SC Department of Social Services continues to find homes amid pandemic, nearly 700 Pee Dee children in need of foster homes

Local News

MYRTLE BEACH, SC (WBTW) – Many foster families in the Pee Dee have risen to the challenge of taking children in amid the coronavirus pandemic.

Maintaining a sense of normalcy for foster children is currently one of the main goals at the State Department of Social Services.

During the initial outbreak, the adoption and foster care process was delayed since many courts and needed services were closed.

In the height of the pandemic, adoption and foster care has looked different, but the outcome remains the same.

Prayers are quickly being answered through technology. DSS program coordinator, Kaci Wingate, thanks Zoom and Facetime for making adoption possible for children in need.

“We can not let these children [linger] in our system,” Wingate said. “We’ve got to continue moving. So, we just all pulled together [and] came up with some ideas and technology based solutions have worked out really great for us.”

There are nearly 700 children in need of a home, even if temporarily, in the Pee Dee region. Both foster families and children are screened before the transition process is finalized.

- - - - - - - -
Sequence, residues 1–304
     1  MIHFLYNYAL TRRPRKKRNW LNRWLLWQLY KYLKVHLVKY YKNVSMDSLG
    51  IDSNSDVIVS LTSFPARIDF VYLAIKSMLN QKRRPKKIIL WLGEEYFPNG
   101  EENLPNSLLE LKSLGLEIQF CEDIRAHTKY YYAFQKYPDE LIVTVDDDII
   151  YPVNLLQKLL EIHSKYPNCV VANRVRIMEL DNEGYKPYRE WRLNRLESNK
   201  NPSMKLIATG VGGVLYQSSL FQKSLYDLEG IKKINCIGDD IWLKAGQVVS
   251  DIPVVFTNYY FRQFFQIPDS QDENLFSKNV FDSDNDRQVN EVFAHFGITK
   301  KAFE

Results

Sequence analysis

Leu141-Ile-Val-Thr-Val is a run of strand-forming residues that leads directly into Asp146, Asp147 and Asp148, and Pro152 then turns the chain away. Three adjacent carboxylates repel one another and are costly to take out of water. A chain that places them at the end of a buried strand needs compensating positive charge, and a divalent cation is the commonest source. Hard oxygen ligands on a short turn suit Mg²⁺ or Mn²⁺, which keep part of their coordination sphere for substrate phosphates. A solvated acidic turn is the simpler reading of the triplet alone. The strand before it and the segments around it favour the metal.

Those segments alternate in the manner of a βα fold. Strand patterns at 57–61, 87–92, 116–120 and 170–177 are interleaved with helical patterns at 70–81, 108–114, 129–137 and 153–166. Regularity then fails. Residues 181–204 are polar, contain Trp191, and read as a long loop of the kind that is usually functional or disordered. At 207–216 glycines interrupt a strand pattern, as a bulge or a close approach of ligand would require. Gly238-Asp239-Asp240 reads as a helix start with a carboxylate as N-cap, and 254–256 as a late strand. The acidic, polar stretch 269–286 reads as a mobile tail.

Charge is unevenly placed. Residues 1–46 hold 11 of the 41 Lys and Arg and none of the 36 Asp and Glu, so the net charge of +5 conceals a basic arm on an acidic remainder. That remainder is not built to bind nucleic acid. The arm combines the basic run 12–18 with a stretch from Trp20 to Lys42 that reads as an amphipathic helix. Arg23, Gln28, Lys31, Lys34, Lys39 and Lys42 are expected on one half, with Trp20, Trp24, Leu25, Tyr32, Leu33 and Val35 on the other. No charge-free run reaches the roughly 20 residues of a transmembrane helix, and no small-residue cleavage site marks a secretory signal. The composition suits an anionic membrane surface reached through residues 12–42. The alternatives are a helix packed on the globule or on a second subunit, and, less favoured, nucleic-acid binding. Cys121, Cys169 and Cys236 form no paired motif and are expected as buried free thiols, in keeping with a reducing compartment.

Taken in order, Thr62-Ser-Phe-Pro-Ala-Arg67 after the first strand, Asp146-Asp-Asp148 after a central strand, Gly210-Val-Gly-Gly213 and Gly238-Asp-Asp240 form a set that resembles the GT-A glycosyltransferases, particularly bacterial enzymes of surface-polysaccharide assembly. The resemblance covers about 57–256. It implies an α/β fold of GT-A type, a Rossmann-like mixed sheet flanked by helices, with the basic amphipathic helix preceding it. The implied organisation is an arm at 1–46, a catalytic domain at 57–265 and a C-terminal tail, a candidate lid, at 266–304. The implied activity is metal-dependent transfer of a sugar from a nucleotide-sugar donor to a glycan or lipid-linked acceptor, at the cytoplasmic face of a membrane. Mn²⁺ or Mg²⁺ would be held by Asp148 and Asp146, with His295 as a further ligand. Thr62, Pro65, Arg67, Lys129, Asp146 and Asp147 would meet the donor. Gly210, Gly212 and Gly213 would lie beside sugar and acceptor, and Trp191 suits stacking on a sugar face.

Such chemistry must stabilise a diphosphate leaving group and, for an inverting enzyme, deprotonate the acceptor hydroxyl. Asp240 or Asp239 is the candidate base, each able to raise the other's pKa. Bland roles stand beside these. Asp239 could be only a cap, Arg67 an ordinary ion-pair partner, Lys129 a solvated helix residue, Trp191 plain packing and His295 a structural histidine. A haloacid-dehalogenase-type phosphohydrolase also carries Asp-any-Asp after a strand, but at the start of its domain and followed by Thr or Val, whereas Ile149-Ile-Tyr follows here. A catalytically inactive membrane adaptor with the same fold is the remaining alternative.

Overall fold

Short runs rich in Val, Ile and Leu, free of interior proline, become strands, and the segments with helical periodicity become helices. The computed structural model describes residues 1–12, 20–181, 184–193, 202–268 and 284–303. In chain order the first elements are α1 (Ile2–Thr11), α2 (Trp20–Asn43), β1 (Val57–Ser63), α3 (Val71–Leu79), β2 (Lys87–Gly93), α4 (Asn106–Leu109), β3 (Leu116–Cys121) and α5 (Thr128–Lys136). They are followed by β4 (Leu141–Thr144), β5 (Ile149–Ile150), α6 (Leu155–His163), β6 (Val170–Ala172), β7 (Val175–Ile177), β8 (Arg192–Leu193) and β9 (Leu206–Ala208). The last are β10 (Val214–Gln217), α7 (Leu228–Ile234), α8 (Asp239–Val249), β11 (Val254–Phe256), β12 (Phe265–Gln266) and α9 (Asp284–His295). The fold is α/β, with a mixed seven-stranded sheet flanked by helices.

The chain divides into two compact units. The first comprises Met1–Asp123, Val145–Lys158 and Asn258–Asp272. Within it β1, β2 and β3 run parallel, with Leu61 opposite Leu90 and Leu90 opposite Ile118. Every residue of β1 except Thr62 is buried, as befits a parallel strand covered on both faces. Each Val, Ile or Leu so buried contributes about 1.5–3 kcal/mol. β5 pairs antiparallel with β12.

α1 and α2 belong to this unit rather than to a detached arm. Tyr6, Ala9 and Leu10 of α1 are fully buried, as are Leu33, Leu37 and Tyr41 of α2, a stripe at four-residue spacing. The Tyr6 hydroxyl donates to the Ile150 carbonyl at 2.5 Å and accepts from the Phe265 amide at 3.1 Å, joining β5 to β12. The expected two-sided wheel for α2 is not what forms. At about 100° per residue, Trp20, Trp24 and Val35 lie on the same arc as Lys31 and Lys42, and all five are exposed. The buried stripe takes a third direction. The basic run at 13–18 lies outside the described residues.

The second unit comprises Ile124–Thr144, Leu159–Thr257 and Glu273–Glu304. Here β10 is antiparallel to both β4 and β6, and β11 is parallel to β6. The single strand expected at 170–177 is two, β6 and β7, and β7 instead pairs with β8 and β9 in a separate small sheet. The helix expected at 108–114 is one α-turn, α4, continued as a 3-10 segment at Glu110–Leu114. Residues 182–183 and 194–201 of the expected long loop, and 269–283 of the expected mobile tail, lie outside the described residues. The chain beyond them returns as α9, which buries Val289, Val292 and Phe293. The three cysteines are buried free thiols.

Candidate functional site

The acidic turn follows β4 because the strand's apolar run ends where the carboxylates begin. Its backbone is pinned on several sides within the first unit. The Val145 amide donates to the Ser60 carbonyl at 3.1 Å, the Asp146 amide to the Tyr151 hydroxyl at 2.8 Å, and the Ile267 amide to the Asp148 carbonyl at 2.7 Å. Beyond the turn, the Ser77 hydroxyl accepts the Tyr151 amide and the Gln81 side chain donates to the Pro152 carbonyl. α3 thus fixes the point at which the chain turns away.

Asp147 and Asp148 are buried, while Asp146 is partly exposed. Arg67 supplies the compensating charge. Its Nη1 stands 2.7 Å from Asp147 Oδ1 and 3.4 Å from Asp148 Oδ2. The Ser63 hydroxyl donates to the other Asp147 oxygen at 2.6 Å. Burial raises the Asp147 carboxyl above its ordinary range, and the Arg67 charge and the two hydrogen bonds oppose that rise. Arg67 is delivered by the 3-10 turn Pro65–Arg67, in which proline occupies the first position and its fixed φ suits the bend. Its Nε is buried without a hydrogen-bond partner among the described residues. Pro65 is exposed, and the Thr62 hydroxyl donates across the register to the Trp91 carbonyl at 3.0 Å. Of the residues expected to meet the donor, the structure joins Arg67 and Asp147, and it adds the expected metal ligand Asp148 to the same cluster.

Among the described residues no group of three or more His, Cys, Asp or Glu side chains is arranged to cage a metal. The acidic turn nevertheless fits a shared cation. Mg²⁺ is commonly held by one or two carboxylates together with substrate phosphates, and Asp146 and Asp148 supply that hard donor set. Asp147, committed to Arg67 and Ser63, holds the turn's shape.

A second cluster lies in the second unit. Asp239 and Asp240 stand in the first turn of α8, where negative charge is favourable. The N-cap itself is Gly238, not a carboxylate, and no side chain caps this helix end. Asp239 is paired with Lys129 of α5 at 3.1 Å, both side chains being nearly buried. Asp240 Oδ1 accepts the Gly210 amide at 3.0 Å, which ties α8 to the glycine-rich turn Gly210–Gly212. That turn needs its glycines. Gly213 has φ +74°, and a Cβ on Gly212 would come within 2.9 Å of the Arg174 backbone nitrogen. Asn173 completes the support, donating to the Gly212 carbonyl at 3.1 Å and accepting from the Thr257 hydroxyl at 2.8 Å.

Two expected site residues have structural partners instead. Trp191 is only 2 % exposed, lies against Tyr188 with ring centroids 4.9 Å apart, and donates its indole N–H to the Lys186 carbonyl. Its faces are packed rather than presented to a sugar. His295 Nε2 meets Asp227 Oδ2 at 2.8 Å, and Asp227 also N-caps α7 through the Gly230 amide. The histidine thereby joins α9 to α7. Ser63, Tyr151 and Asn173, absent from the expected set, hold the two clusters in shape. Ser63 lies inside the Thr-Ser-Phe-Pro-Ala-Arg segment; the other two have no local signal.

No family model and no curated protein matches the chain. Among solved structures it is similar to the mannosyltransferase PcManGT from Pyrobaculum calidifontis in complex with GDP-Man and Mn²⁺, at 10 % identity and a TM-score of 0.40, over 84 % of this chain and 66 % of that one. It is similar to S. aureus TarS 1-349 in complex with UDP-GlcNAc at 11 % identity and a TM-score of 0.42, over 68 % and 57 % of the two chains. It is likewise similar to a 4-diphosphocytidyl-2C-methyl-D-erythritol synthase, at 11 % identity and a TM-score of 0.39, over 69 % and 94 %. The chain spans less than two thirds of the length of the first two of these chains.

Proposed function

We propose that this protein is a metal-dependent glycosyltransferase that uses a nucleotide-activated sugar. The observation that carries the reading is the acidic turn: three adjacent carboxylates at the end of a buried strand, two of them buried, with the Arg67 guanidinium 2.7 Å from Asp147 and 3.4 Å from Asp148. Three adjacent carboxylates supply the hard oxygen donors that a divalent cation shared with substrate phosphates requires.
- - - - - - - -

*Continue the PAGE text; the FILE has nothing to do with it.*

Wingate told News13 that only a few families in the region are holding off on adoption and foster care until the pandemic settles.

According to reports, there’s been a noticeable decrease of kids entering foster care even before the coronavirus closed school doors. Officials don’t believe this to be a good thing.

With the pandemic keeping families mostly inside, it’s less likely to notice if a child is in danger. Teachers play a key role in reporting abuse and neglect. It’s common to see more children in foster care during the traditional academic school year.

Children in foster care by month in Horry County. Data from SCDSS.

With parents having the option of virtual learning this fall, Wingate is concerned for kids’ safety.

“You know, sometimes school is a safe place for them,” she said. “Teachers are the front line for abuse and neglect. You know without them going back to school, depending on how that turns out, I can see some concern there too about not having as many eyes on their children.”

Wingate says the community has a responsibility to be aware of at-risk children in their area. She encourages families to open their homes to foster children and report signs of abuse or neglect.


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